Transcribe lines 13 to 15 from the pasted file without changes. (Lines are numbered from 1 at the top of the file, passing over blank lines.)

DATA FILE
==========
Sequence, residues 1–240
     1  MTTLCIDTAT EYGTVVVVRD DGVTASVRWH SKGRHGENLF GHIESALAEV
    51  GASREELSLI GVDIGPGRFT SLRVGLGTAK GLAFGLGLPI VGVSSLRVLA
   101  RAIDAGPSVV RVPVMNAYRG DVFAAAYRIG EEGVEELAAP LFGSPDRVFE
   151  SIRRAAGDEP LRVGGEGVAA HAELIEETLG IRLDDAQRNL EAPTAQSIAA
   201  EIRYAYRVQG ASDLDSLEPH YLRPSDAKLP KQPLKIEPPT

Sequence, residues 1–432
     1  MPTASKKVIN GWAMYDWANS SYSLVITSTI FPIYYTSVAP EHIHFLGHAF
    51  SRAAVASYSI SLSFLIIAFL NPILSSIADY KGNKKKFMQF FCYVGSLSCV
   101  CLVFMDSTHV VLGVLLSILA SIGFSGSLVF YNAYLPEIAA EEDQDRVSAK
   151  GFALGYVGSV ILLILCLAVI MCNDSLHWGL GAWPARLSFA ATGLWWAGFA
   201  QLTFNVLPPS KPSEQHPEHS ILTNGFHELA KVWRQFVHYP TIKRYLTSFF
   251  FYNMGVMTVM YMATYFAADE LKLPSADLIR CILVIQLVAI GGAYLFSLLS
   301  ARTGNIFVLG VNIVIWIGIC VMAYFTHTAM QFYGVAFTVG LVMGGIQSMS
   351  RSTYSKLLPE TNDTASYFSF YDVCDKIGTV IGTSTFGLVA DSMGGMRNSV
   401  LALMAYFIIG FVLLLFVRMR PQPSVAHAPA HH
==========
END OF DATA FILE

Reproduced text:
   251  FYNMGVMTVM YMATYFAADE LKLPSADLIR CILVIQLVAI GGAYLFSLLS
   301  ARTGNIFVLG VNIVIWIGIC VMAYFTHTAM QFYGVAFTVG LVMGGIQSMS
   351  RSTYSKLLPE TNDTASYFSF YDVCDKIGTV IGTSTFGLVA DSMGGMRNSV